Sundin finding groove with Demitra, Kesler

The Vancouver Canucks' line of Mats Sundin, Pavol Demitra and Ryan Kesler is on a torrid pace, but might be put to the test Tuesday in St. Louis (7:30 p.m. CT) by equally hot Blues goaltender Chris Mason.

Canucks' new 2nd line arrives in St. Louis with 15 points in 2 games

Mats Sundin isn't any closer to skating with the Sedin twins at even-strength, but he is lending them a hand.

The big Swede has eased the pressure on the Vancouver Canucks' top forward duo by combining for 15 points in two games with new linemates Pavol Demitra and Ryan Kesler.

They collected three goals and eight points in Saturday's 7-3 win over visiting Chicago, but might be put to the test Tuesday in St. Louis (7:30 p.m. CT) by goalie Chris Mason, who sports a 1.20 goals-against average in his last eight games.

However, the former Nashville Predator, who wrested away the No. 1 job from the waived Manny Legace, has yet to taste victory against the Canucks in five career appearances (0-2-1 record, 3.02 GAA).

While Sundin and Demitra shone on a suddenly dangerous Vancouver power play, which converted four of eight chances on Saturday, Kesler has been the catalyst. With his speed, edge and work ethic, the converted centre has been the perfect complement to Sundin and Demitra.

"It's weird, sometimes you have chemistry with guys and sometimes you don't," said Kesler, who now patrols right wing and has five goals and eight points in his last three games. "With those two guys, they see the ice really well and they're strong down low. It's an easy game to play when we're all working hard."

Picking up the pace

Sundin, who recently signed a one-year free-agent contract, is starting to regain his offensive form following a long layoff and slow start with the Canucks (three points in his first nine games).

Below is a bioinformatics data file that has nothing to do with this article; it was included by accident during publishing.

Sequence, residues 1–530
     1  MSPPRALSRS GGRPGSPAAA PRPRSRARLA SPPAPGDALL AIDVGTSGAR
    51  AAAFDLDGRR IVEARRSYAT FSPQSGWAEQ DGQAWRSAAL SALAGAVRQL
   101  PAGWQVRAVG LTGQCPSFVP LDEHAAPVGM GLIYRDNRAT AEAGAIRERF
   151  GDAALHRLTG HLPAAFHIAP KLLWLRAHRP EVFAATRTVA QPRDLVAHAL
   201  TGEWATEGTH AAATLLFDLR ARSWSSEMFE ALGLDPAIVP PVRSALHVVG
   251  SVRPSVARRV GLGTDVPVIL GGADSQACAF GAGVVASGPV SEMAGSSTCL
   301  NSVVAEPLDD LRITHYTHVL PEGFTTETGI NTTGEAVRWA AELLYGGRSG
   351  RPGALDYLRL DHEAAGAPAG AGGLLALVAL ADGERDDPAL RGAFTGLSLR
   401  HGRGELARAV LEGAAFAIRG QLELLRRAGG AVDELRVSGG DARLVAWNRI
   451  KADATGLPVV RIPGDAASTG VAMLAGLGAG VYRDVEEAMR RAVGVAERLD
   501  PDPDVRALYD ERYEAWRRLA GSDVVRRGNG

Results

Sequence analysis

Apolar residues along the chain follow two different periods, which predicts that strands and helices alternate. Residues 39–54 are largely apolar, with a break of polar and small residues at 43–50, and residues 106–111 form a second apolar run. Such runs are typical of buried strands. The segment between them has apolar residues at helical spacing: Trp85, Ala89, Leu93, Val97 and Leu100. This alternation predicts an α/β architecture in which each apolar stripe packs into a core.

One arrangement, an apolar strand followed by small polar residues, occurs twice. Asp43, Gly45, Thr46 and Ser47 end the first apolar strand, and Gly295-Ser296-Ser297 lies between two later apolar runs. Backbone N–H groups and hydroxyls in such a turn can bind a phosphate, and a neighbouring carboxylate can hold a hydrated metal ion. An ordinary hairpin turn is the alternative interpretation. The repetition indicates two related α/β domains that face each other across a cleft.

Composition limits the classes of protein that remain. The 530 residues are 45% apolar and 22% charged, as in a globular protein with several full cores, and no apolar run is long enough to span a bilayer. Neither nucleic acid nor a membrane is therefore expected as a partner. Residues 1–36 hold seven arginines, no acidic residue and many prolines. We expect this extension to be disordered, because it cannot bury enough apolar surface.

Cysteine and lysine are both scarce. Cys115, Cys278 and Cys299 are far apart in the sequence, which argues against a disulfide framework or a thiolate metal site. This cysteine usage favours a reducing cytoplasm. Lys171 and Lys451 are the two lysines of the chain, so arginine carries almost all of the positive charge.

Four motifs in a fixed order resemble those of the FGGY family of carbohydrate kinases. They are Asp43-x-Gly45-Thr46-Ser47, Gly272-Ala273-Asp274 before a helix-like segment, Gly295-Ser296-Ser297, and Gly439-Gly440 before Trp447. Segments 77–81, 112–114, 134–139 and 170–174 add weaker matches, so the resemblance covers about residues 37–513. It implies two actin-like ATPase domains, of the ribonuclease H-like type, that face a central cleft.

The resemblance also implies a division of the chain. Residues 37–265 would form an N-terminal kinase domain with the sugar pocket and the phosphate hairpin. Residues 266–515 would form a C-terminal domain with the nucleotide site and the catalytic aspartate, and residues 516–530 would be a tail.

"I don't know if I'm back to mid-season [form] yet. It feels like I expected," said Sundin, who works the power play with Daniel and Henrik Sedin. "I knew it was going to be tough, hopefully I'll keep playing better. I feel like the legs are there the last three or four games."

Tuesday's contest marks the opener of a three-game road for Vancouver, which will try for its first three-game winning streak in over two months.

The Canucks hold down the eighth and final playoff spot in the NHL's Western Conference with a 24-20-8 mark. The last-place Blues (22-24-6) are only six points behind.

"We're on a nice little roll," forward Taylor Pyatt told the Canucks' official website. "It's coming down to the final stretch here in the season so we've got to put some wins together."

The Canucks will spend seven of their next eight on the road, where they are 11-9-4.

Vancouver is 4-9-0 at the Scottrade Center since Jan. 20, 2001, but has taken six of the past nine series meetings overall.

Luongo struggles in St. Louis

Goaltender Roberto Luongo, who is coming off a 36-save performance against the Blackhawks, is 7-2-0 with a 2.17 GAA in his last nine outings versus the Blues, but 2-4-0 in his career at St. Louis.

The Blues, who are a respectable 13-10-4 on home ice this season, recorded a point for the ninth time in 10 starts with a 4-1 win over Colorado on Saturday.

Brad Boyes and David Perron led the way with a goal and assist each.

"It's going to be a dogfight every game," Blues defenceman Barret Jackman said. "We just want to give ourselves a chance."

The penalty-kill has done its part, successfully defending 34 of 35 penalties during a seven-game stretch, while the Vancouver power play is clicking at 38 per cent (8-for-21) in the last four starts.

Centre Andy McDonald, who agreed to a four-year contract extension with the Blues on Monday, could return to the lineup against the Canucks. He has been sidelined since mid-November with a broken left ankle.